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LINEAR ALGEBRA AND ITS APPLICATIONS ELSEVIER Linear Algebra and its Applications 287 (1999) 77-85

### Rajendra Bhatia a,., Peter Semrl b,l

Indian Statistical Institute, 7, S.J.S. Sansanwal Marg, New Delhi 110016, India b Faeu•y o f Mechanical Engineering, Uni~:ersi O, o f Maribor, Smetanova 17, 2000 Maribor, Slovenia

Received 18 February 1998; accepted 29 June 1998 Submitted by V. Mehrmann

Dedicated to Ludwig Elsner on the occasion of his 60th birthday

Abstract

If A and B are matrices such that IIA + zBII ~ IIA II for all complex numbers z, then A is said to be orthogonal to B. We find necessary and sufficient conditions for this to be the case. Some applications and generalisations are also discussed. © 1999 Elsevier Science Inc. All rights reserved.

Ke;vwords: Birkhoff James orthogonality; Derivative; Norms; Distance problems

Let A and B be two n × n matrices. The matrix A will be identified with an o p e r a t o r acting on an n-dimensional Hilbert space H in the usual way. T h e symbol IIA II stands for the n o r m o f this operator. A is said to be o r t h o g o n a l to B (in the Birkhoff-James sense ) if JJA +zB]l ~> HAIl for every c o m p l e x n u m b e r z. In Section 1 o f this note we give a necessary a n d sufficient condition for A to be o r t h o g o n a l to B. T h e special case when B --- 1 can be applied to get some distance formulas for matrices as well as a simple p r o o f o f a well-known result o f Stampfli on the n o r m o f a derivation. In Section 2 we consider the a n a l o g o u s p r o b l e m when the n o r m ]].]i is replaced by the Schatten p - n o r m . The special case A = 1 o f this p r o b l e m has been studied by K i t t a n e h , and used to

* Corresponding author. E-mail: rbh@isid.ernet.in.

i E-mail: peter.semrl@uni-mb.si.

PII: S 0 0 2 4 - 3 7 9 5 ( 9 8 ) 1 0 1 3 4 - 9

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78 R. Bhatia, P. ¢Semrl I Linear Algebra and its Applications 287 (1999) 77~86

characterise matrices whose trace is zero. In Section 3 we make some remarks on how to extend some results from Section 1 to infinite-dimensional Hilbert spaces, and formulate a conjecture about orthogonality with respect to induced matrix norms.

1. The operator norm

Theorem 1.1. A matrix A is orthogonal to B if and only if there exists a unit vector x E H such that rlAxll = IIAI[ and (Ax, Bx) = O.

Proof. If such a vector x exists then

[IA + zBll 2 >>. I[(A + zB)xJ[ 2 = ll,4xf[2 + [zl2tlBxld 2 ~ IIAx[I 2 = IIAI[ 2.

So, the sufficiency of the condition is obvious.

Before proving the converse in full generality we make a remark that serves three purposes. It gives a p r o o f in a special case, indicates why the condition of the theorem is a natural one, and establishes a connection with the theorem in Section 2.

It is well-known that the operator norm II,ll is not Fr6chet differentiable at all points. However, if A is a point at which this norm is differentiable, then there exists a unit vector x, unique upto a scalar multiple, such that [IAx[[ = HAIl, and such that for all B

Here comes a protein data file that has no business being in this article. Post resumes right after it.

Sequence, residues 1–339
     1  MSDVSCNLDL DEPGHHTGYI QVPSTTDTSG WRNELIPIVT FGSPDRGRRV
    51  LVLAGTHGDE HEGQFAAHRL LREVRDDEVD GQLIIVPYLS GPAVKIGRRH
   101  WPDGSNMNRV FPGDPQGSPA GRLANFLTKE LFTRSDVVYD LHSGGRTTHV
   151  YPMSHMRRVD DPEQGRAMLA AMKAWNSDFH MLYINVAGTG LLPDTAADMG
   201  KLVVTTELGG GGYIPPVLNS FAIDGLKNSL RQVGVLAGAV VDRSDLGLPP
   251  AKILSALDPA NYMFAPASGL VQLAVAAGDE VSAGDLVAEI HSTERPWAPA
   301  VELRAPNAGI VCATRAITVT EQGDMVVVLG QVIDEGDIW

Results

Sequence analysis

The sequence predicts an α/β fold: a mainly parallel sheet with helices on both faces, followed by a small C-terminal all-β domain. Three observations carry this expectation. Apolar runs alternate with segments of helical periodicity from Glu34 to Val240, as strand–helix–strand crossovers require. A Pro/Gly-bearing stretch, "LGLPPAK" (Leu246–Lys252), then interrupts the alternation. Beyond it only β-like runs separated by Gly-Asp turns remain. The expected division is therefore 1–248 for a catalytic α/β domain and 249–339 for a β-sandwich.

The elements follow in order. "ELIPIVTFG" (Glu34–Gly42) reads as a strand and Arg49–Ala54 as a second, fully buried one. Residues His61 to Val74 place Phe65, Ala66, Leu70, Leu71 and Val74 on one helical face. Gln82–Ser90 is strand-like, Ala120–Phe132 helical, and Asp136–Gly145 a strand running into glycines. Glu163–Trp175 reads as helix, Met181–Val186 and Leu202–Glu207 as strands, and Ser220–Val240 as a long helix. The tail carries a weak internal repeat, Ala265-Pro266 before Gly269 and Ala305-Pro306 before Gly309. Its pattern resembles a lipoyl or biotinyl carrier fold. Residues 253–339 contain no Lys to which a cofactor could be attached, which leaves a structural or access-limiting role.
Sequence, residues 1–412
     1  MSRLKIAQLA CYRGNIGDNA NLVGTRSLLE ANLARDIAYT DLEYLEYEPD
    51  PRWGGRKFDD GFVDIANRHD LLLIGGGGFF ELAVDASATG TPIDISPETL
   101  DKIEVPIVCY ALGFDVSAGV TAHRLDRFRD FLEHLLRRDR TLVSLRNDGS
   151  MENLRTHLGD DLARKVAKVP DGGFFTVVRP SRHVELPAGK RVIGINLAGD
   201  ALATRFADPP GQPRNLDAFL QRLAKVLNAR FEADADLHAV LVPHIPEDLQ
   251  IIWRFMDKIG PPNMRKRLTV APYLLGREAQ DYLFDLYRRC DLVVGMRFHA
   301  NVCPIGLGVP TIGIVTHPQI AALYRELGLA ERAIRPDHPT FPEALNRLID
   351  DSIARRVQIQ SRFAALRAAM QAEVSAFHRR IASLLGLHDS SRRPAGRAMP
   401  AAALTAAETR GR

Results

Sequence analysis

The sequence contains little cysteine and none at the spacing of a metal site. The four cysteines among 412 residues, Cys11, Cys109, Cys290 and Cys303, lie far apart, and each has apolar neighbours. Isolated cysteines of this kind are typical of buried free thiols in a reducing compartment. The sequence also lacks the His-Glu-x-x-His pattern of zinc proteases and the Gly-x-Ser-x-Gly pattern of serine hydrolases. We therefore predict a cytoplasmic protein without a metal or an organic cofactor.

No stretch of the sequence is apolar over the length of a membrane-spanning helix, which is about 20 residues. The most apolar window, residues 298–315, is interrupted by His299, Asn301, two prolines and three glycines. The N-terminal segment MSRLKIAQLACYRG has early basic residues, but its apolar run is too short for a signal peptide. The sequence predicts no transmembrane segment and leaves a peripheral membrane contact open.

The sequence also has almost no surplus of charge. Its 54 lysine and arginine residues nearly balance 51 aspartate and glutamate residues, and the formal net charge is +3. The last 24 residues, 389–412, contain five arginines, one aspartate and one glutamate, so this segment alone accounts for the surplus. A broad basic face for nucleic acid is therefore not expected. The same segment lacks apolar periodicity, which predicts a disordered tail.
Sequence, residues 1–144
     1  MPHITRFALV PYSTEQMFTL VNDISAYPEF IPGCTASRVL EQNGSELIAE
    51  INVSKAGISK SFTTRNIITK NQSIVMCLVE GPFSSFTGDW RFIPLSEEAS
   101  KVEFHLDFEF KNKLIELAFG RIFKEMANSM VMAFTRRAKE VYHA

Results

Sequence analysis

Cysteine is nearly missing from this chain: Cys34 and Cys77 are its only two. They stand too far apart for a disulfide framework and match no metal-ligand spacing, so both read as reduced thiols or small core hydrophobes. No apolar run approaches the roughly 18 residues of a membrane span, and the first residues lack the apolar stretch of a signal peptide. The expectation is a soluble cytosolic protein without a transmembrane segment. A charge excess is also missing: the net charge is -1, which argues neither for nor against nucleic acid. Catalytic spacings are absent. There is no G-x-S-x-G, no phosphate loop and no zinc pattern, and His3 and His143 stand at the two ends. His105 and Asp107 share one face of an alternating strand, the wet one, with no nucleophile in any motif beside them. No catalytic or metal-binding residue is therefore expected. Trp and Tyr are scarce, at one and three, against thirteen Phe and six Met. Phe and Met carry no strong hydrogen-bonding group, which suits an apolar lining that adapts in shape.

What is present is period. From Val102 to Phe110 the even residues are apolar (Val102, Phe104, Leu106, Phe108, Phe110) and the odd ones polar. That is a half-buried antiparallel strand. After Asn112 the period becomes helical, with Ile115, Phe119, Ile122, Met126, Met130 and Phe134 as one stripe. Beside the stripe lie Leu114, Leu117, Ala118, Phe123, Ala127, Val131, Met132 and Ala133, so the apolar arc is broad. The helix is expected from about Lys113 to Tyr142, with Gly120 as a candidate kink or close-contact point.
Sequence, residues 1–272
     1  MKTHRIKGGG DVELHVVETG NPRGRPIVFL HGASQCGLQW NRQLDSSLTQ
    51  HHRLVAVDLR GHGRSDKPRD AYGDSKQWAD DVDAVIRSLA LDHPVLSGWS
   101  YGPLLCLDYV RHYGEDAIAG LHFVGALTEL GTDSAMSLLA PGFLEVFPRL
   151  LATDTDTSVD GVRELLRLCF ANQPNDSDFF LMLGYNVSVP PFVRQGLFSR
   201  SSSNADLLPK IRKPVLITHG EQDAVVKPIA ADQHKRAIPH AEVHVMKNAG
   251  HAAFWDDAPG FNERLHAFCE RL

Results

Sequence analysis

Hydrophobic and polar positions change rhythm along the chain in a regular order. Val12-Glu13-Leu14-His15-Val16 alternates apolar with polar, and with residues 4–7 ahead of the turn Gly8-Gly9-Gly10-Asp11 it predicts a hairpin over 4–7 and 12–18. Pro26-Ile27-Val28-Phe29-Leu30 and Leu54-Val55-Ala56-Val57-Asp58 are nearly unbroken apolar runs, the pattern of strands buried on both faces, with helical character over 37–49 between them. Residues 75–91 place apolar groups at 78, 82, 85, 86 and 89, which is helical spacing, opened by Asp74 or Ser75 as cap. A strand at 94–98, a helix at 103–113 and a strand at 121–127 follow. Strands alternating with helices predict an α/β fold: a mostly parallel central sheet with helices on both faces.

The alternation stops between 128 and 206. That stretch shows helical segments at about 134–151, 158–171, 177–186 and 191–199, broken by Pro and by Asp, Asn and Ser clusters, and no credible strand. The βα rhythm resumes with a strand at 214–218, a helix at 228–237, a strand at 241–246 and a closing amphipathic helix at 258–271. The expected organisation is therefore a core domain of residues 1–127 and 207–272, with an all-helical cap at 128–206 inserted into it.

d A B

dt t=o"A + tB[[ = Re ( [-~[ x' x ) .

See Theorem 3.1 of . Using this, one can easily see that the statement of the theorem is true for all matrices A that are points o f differentiability of the norm [[. [[.

N o w let A be any matrix and suppose A is orthogonal to B. Let A = UP be a polar decomposition o f A with U unitary and P positive. Then we have

[IP+zU*BII >~ [IP/[ = p[All

for all z. In other words, the distance o f P to the linear span of U'B is [IP][.

Hence, by the H a h n - B a n a c h theorem, there exists a linear functional 4, on the space of matrices such that [[~bl[ = 1, ~b(P) =

### I[PI[,

and q~(U*B) = 0. We can find a matrix T s u c h that ~b(X) = tr(XT) for all X. Since I[ ll : 1 the trace norm (the sum o f singular values) o f T must be 1. So, T has a polar decomposition

T = sjuj V,

\ i = l J

where s~ are singular values of T i n decreasing order, ~ j = l n s: -- 1, the vectors uj form an orthonormal basis for H, and V is unitary. We have

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R. Bhatia, P. Semrl I Linear Algebra and its Applications 287 (1999) 77-86 79

n

### IIPll

= tr(PT) = y ~ s s tr[Puj(V* uj)* ]

j=l

n n n

### = Z j<pu , V*ujl <. Zsjll jll E jllt'll = ItPII.

j=l /=1 j=l

Hence, if k is the rank of T (i.e., sk # 0, but s,+l = 0), then [[Pus[ [ = [[PH for j = 1 , . . . , k ; and hence Pug. = [[P[[ug. F r o m the conditions for the C a u c h y - Schwarz inequality to be an equality we conclude that V'u: is a scalar multiple o f Pug., j = 1 , . . . , k . Obviously, these scalars must be positive, and so,

V*uj = u: for all j = 1 , . . . , k. It follows that T is o f the form

k

### Z juj.;,

j=l

where u s belong to the eigenspace K of P corresponding to its maximal eigenvalue HP][. Then O(U*B) = 0 implies

k

### Zsj<B*Uuj,.j) =0.

j=l

If Q is the orthoprojector on the linear span of the u j, then this equality can be rewritten as

k

Z s j < Q B * UQuj, u j) = O.

j=I

Since the numerical range of any operator is a convex set, there exists a unit vector x c K such that

0 = <QB*UQx, x) = (B*Ux, x) = (Ux, Bx).

So,

(Ax, gx> = (UPx, Bx> = IIPIl(Ux, gx> = O. []

Notice that orthogonality is not a symmetric relation. The special cases when A or B is the identity are of particular interest [3,4,8,10].

Theorem 1.1 says that I is orthogonal to B if and only if W(B), the numerical range of B, contains 0. F o r another p r o o f of this see Remark 4 of .